This time Aurora’s acquisition is set to be done in a friendly manner as it was MedReleaf who originally was rumored to be searching for another player to buy them. Both boards of directors for the companies are in agreement with the transaction, according to an investor presentation sheet on the deal.
The presentation revealed the combined company will hold a funded capacity of over 570,000 kilograms per year. The document also indicated shareholders for both companies will hold special meetings during the month of July in order to approve the transaction.
Shareholders of MedReleaf will get 3.575 common shares of Aurora for each LEAF share held. Once the deal is completed, according to the announcement, existing Aurora and MedReleaf investors will own 61 and 39 percent respectively of the pro forma company on a fully diluted basis.
The terms of the deal represent a price of C$29.44 per MedReleaf common share, with an additional 34 percent premium. MedReleaf’s close on Friday (May 11) was C$24.90.
Any concern for delays on the proposed acquisition is erased since the document says 56 percent of MedReleaf investors “have entered into irrevocable hard lock-ups” with Aurora and vote in support of the arrangement.
Aurora needs at least 66 ⅔ percent–two thirds–of the shareholder vote from MedReleaf during their special meeting in order to complete the transaction.
Thanks to the acquisition, Aurora will enter the Ontario market with the three facilities MedReleaf holds.
Acquisition will expand medical outreach for Aurora internationally
Neil Closner, CEO of MedReleaf, said in a statement by combining with Aurora, the new entity will be “ideally positioned to set the global standard for our industry at a pace that will be difficult to match.”
The presentation also shows the combined company will now hold a debt sheet of C$254 million and a war chest worth approximately C$385 million. The new entity will have a presence in international markets like Australia, Brazil, Germany, Denmark, Sweden and South Africa.
Terry Booth, CEO of Aurora, said the acquisition will strengthen its position to serve the global medical cannabis market, which Closner told INN remains the biggest market option available for companies in the space.
Shareholders of Aurora will now have to face dilution for their shares as the company prepares to acquire the fellow LP. This process comes on the heels off the CanniMed acquisition causing dilution in ACB’s common shareholders.
Despite the dilution Charles Taerk, president and CEO of Faircourt Asset Management told the Investing News Network (INN) he sees Aurora’s shareholders as the second biggest winners of the entire transaction after LEAF holders.
“I think that shareholders of MedReleaf are saying ‘well why, if we are profitable and we are doing all these wonderful things, why don’t we have that higher valuation, that higher market cap and the multiple on or the basis upon which we are being valued?’” Taerk said.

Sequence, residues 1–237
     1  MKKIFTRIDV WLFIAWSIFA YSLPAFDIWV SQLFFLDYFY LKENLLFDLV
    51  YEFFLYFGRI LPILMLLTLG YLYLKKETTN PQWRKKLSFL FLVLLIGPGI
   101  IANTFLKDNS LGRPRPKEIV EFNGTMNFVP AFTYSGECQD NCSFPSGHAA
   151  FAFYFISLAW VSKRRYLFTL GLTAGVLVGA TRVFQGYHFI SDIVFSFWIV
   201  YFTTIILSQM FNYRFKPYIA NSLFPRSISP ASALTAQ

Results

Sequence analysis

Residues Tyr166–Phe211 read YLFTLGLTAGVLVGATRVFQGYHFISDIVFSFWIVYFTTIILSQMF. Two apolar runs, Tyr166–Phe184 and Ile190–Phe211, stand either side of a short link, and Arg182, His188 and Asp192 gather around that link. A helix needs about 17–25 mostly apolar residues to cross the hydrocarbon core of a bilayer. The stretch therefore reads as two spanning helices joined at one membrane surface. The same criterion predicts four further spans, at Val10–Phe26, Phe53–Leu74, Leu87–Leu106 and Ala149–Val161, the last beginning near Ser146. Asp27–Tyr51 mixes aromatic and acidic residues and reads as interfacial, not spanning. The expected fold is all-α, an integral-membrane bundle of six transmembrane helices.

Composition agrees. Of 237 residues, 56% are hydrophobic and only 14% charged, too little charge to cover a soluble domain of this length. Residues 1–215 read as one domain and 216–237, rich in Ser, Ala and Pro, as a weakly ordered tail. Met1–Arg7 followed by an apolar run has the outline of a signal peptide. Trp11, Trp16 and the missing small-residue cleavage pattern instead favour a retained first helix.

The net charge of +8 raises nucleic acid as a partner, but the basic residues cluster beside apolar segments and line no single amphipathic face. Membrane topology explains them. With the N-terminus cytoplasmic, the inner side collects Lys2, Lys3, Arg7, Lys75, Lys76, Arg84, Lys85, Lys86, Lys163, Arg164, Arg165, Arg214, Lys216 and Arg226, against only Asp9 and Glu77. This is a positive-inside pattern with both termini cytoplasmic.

“To join Aurora, [MedReleaf shareholders] are getting a premium and if they do hold on to the stock going forward, Aurora seems to have good attention in the market and are getting a premium valuation, so it will be a good lift for MedReleaf shareholders.”
Taerk told INN even though Faircourt has not been an Aurora investor “over the last couple of months” he commends the company for finding companies that are undervalued and bringing them into the fold.
“They want to be the preeminent cannabis company and in order to do that you need to be aggressive when others aren’t,” he said.
But does this acquisition finally put Aurora ahead of their biggest competitors and the leaders of the cannabis market, Canopy Growth (TSX:WEED), in Taerk’s eyes?
“Well that’s still to be determined … I think that Canopy has less execution risk than Aurora,” he said. “Aurora is still chasing them but they want to be one-and-one with Canopy.”
A recent report done by Echelon Wealth Partners analyst Russell Stanley said MedReleaf has an incredible upside to its market performance. While GMP Securities analyst Martin Landry maintained his “Hold” rating on Aurora last week and lowered his price target from C$11.00 to C$7.50 for one-year due to concerns with the new facilities Aurora had announced.
The announcement provided an early boost to both company’s stock performance. After the markets closed on Monday, that early boost had gone down. MedReleaf closed the day with a 1.45 percent increase in its share value, reaching a C$25.26 price per stock. Aurora, on the other hand, decreased in value 2.11 percent and finished the trading day with a closing price of C$7.90.
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Editor’s Note: This story was updated to reflect percentage and price changes for MedReleaf and Aurora after the markets closed on Monday.
Securities Disclosure: I, Bryan Mc Govern, hold no direct investment interest in any company mentioned in this article.